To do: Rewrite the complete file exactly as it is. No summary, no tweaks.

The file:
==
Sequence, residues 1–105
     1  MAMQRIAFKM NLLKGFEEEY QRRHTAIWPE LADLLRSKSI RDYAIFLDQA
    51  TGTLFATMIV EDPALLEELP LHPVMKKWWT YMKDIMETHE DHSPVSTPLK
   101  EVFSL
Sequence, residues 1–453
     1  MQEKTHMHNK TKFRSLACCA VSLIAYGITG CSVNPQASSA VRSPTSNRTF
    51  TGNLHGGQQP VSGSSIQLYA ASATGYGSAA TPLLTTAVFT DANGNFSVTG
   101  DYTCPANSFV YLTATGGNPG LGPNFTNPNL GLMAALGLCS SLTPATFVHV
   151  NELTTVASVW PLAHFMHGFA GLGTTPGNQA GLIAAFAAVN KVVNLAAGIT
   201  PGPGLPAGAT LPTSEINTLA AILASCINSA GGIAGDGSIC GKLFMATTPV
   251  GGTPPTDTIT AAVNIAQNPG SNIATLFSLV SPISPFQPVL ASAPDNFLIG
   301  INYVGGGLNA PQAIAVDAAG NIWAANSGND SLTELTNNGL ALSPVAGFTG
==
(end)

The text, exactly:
Sequence, residues 1–105
     1  MAMQRIAFKM NLLKGFEEEY QRRHTAIWPE LADLLRSKSI RDYAIFLDQA
    51  TGTLFATMIV EDPALLEELP LHPVMKKWWT YMKDIMETHE DHSPVSTPLK
   101  EVFSL
Sequence, residues 1–453
     1  MQEKTHMHNK TKFRSLACCA VSLIAYGITG CSVNPQASSA VRSPTSNRTF
    51  TGNLHGGQQP VSGSSIQLYA ASATGYGSAA TPLLTTAVFT DANGNFSVTG
   101  DYTCPANSFV YLTATGGNPG LGPNFTNPNL GLMAALGLCS SLTPATFVHV
   151  NELTTVASVW PLAHFMHGFA GLGTTPGNQA GLIAAFAAVN KVVNLAAGIT
   201  PGPGLPAGAT LPTSEINTLA AILASCINSA GGIAGDGSIC GKLFMATTPV
   251  GGTPPTDTIT AAVNIAQNPG SNIATLFSLV SPISPFQPVL ASAPDNFLIG
   301  INYVGGGLNA PQAIAVDAAG NIWAANSGND SLTELTNNGL ALSPVAGFTG